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Grogster
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Posted: 02 February 2018 at 10:59am | IP Logged Quote Grogster

Now I'm confused.

So PP sheet would be a better idea then AL sheet - is that what you are saying?

Once heated through, the PP will hold the heat better then AL - I get that bit.
But plastic is a thermal insulator, generally speaking, so it would resist the transfer of heat from one side to the other, so would take much longer to heat up would it not? Am I making any sense?

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Warpspeed
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Posted: 02 February 2018 at 11:02am | IP Logged Quote Warpspeed

Red makes a very interesting point.

Some things like rock, stone, earth and concrete also have quite high heat storage but poor thermal conductivity. If you leave a brick in the sun it will stay hot for a very long time.

The problem is though, we want the heat to travel fairly quickly from the "thermal stored mass" to the air within the incubator if its going to be resistant to thermal shock, as when opening the door.

We need good thermal coupling into the air whenever there is a sudden drop in air temperature. Its not much good if the stored heat cannot escape fairly quickly as a backup heat source to the electric heater.

A fan would certainly help, especially if the PP had a very large surface area, as in the whole incubator housing being made from thick PP. But a small block of PP just by itself probably would not be up to the job.

I still keep coming back to the idea a big heavy chunk of aluminium with a lot of fins. If the heater fails, there is a good chance any fan will stop too...
So the reserve heat really needs to be passive.



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Grogster
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Posted: 02 February 2018 at 11:30am | IP Logged Quote Grogster

Why do you like the finned heatsink idea so much?
Would not the thick flat plate heat up to exactly the same temperature as a finned heatsink would.

The finned heatsink is designed to get rid of heat, so every time you open the box, the fins will actually help to cool down the situation I would have thought, more-so then a thick flat plate will.

I might be totally wrong in my interpretation of things though.

Having said that, I could not get a finned heatsink the size I wanted, so I am going for AL plate at the moment. I could always add fins later if you can convince me of a good enough reason to do it.

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Posted: 02 February 2018 at 12:17pm | IP Logged Quote Warpspeed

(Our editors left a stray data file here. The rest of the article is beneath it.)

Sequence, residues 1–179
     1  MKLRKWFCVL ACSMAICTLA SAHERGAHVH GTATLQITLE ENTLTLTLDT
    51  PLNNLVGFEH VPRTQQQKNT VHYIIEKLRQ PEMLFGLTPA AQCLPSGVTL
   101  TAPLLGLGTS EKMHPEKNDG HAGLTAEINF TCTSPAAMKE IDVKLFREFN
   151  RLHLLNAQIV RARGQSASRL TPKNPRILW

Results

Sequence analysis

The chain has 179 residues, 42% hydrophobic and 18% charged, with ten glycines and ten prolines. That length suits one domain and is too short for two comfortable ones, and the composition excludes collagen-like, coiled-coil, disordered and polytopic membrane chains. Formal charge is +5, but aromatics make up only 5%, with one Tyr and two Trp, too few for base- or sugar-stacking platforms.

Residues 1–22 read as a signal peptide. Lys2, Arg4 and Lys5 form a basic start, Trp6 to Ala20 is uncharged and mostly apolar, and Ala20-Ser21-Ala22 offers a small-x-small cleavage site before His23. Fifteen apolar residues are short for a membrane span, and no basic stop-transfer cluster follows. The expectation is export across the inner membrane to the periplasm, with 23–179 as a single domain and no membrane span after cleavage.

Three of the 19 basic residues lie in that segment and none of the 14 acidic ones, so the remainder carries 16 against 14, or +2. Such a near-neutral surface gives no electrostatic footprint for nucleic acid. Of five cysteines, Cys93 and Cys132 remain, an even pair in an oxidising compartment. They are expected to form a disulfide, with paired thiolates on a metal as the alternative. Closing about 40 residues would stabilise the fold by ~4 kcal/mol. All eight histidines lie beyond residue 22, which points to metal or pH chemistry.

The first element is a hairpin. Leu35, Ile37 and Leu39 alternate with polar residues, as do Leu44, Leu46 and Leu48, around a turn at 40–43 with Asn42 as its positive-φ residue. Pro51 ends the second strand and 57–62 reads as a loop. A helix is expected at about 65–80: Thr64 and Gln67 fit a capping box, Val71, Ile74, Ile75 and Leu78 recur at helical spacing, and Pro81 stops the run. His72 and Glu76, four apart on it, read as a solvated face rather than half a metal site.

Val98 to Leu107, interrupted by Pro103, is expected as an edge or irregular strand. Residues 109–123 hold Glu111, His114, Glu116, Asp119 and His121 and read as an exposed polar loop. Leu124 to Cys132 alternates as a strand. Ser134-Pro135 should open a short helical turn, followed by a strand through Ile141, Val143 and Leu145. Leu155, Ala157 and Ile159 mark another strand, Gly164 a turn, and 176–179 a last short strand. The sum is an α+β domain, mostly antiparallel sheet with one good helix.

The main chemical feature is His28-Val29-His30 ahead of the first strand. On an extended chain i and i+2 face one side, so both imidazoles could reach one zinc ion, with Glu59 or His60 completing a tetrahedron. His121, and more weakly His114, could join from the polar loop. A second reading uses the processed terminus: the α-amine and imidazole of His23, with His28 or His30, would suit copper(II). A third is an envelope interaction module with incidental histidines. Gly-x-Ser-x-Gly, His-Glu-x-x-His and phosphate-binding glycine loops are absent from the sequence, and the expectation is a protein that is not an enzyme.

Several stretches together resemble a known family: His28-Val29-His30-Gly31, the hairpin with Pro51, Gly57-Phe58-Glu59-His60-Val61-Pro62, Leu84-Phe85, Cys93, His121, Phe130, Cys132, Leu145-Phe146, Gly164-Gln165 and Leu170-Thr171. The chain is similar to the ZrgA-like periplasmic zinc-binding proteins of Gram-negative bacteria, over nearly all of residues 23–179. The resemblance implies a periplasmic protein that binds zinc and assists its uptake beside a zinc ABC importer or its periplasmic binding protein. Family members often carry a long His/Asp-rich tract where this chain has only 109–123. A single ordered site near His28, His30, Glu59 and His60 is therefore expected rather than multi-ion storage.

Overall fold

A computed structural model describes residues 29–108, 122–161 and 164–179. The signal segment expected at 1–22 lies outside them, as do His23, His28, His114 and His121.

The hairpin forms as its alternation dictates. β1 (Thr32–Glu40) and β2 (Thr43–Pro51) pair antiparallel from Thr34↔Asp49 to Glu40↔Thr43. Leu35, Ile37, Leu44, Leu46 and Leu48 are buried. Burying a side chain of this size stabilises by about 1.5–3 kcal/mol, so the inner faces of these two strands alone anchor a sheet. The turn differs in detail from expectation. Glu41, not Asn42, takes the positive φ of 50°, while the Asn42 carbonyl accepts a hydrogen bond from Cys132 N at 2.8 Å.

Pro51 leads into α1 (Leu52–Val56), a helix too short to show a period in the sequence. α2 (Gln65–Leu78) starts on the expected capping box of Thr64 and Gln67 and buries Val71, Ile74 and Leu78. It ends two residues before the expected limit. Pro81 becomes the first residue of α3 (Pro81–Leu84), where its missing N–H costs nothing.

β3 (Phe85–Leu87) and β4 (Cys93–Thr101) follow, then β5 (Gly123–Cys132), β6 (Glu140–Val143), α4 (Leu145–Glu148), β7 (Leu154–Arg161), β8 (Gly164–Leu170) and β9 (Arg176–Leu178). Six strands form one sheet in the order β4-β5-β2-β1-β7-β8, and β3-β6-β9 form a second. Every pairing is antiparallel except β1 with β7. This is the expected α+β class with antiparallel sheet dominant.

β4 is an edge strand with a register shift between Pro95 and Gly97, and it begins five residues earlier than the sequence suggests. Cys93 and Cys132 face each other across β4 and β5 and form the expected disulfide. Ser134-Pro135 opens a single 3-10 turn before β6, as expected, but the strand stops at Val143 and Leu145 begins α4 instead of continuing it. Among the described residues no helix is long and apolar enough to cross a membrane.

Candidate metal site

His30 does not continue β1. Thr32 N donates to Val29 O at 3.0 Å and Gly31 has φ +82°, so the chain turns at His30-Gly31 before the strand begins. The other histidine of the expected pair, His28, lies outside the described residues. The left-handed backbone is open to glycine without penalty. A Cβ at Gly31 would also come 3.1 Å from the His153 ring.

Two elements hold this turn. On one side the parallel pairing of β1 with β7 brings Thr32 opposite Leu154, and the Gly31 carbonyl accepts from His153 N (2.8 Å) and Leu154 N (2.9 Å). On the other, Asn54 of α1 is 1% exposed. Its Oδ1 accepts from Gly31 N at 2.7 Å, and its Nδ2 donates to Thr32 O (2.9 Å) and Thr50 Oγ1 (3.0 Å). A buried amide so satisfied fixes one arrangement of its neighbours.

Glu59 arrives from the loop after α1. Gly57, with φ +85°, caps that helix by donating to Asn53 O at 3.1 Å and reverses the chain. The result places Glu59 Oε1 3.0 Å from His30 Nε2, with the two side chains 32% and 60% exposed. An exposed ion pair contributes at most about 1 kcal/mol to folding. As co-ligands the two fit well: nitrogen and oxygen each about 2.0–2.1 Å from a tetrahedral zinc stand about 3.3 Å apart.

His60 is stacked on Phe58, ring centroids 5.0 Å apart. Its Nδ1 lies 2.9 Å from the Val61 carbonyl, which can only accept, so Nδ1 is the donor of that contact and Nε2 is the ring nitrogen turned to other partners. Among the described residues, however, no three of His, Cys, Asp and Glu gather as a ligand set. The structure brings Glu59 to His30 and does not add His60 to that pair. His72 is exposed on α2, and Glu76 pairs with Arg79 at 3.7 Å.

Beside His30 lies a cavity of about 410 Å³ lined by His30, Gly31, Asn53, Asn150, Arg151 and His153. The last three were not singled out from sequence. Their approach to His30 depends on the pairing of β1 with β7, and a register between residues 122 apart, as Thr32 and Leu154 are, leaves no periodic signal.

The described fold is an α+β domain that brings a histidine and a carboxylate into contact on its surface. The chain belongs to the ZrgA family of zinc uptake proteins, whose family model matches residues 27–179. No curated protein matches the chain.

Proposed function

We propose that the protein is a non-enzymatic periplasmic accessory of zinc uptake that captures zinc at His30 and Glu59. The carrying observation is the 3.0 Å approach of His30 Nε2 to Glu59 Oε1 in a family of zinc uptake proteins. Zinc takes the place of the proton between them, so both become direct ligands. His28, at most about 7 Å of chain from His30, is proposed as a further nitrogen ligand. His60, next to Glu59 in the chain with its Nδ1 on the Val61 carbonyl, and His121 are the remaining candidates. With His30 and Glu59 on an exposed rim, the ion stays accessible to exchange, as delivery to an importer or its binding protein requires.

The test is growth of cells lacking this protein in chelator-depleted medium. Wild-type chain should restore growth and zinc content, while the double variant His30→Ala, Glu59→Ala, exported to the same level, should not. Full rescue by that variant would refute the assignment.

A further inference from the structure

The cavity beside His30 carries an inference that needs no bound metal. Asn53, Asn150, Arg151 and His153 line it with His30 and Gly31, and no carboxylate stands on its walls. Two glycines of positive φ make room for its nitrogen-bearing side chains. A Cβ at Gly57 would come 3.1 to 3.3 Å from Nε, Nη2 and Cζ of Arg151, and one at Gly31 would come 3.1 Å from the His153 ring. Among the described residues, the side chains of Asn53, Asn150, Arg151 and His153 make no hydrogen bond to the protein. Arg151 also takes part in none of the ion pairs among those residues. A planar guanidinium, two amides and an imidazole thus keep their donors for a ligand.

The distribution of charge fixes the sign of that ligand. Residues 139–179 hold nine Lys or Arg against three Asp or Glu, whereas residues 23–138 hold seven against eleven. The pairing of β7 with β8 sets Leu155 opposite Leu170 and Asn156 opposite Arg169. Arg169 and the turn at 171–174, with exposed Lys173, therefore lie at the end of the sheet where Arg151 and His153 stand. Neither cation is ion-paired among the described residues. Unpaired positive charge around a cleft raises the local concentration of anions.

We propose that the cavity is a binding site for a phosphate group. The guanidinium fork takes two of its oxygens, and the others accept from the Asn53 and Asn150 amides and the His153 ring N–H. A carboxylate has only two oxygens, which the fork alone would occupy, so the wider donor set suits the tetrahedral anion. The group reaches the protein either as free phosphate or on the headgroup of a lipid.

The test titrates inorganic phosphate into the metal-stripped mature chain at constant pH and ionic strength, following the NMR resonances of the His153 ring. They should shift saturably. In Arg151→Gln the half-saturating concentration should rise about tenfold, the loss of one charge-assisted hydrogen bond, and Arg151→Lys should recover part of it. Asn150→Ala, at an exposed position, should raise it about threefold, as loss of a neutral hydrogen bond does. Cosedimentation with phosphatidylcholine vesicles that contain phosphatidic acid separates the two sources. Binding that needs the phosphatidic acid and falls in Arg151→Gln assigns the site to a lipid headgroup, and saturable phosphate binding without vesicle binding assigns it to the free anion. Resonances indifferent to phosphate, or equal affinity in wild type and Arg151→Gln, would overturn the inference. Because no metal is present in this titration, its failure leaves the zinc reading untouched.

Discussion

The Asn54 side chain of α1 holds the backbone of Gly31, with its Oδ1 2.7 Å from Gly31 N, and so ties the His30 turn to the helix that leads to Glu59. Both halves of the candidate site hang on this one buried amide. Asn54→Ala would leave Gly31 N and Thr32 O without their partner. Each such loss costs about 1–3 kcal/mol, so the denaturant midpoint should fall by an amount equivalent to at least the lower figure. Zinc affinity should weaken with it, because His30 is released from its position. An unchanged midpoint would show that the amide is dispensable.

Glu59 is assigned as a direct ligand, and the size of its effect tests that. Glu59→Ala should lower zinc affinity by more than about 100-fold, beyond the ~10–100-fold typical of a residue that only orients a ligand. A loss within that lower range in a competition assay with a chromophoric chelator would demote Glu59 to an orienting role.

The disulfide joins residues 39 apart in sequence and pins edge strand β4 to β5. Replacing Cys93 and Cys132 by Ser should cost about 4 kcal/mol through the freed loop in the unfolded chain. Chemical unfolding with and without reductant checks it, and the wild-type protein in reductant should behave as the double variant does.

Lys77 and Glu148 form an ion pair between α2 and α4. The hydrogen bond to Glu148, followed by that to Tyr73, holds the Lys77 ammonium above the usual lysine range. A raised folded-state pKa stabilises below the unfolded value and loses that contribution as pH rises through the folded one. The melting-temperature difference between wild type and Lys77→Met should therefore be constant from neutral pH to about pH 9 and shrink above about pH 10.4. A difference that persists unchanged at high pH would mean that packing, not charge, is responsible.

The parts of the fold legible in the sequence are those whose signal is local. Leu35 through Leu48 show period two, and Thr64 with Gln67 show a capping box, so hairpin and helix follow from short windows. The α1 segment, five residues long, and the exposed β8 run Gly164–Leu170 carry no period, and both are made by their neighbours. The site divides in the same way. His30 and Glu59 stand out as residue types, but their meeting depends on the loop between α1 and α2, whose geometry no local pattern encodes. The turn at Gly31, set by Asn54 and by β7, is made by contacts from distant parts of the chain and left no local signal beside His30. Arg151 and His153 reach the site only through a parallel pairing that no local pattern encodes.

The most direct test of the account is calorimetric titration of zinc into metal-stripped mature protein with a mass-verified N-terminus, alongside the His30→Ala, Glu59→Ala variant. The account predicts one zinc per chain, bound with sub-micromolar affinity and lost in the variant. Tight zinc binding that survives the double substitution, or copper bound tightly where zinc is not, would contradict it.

[quote]The finned heatsink is designed to get rid of heat,[/quote}
Yes exactly, that is exactly what we want !

As soon as the air starts to cool the finned heat sink really kicks in.

When the air is quickly back up to temperature the heat transfer from the fins drops to almost nothing, provided the enclosure is very well insulated.

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Grogster
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Posted: 02 February 2018 at 12:58pm | IP Logged Quote Grogster

OK, sounds good to me. I will design some fins I can screw or rivit to the plate.
I can get the engineering works to slice me up some 2mm or 3mm AL angle at the same time. Do you have any suggestions as to the height of the fins(30mm?), or is anything better then nothing? I do need to keep the overall height as short as possible so the thing is not a burden to carry cos of it's size.



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Posted: 02 February 2018 at 1:07pm | IP Logged Quote Warpspeed

I suppose whatever fits and looks about right will probaly do.

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redrok
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Posted: 02 February 2018 at 3:09pm | IP Logged Quote redrok

Hi Grogster;
I thought I should complete my study of the Polypropylene thermal mass calculations to include the conductivity comparisons with Aluminum.

materials
Conductive Heat Transfer
AL 205W/mK
PP 0.1W/mK to 0.22W/mK
Lets call it .16W/mK as an average
BTW, the "per m" part of the "units" may be a bit confusing. This is actually
W * Thick / Area / Delta T
W * m / m^2 / K ---> W / m / K ---> W/mK

200mm * 300mm = A of plate = 0.06m^2
12.0v * 3.2A = 39.4W At Maximum power

Thermal Conductivity Equation
(k / s ) A dT = q
(W/mK / 8mm) * Area * dT = W
W/mK / 8mm * Area * dT = W
Rearrange
W/mK * Area / 8mm * dT = W
Rearrange
W / ( W/mK / 8mm * Area ) = K
AL = 39.4W / ( 205W/mK / .008m * .08m^2) = .019K
PP = 39.4W / ( 0.16W/mK / .008m * .08m^2) = 24.6K

Since the plate will be the source of heat when reheating the case
the average resistance to heat flow escaping from one side is 1/2.
AL = 39.4W / ( 205W/mK / .008m * .08m^2) / 2 = .010K
PP = 39.4W / ( 0.16W/mK / .008m * .08m^2) / 2 = 12.3K

If we consider the plate is sourcing heat from both sides
the average thermal resistance to heat flow is 1/4.
AL = 39.4W / ( 205W/mK / .008m * .08m^2) / 4 = .005K
PP = 39.4W / ( 0.16W/mK / .008m * .08m^2) / 4 = 6.2K

This was calculated at the given max heater power.
I assume the running power will be much less so the actual
delta T would proportionally be lower.

BTW, another thermal mass material could be ceramic floor tiles.
Relative Specific Weight is around 2.8g/mm a little heavier than Aluminum.
Relative Thermal Mass would be greater than Aluminum.
Thermal Conductivity is in the neighborhood of 5W/mK Quite a bit better than PP.

Ok, I'll give up on this line of thought.
It was interesting to think "Way out of the box".
redrok

Edited by redrok on 03 February 2018 at 8:10am
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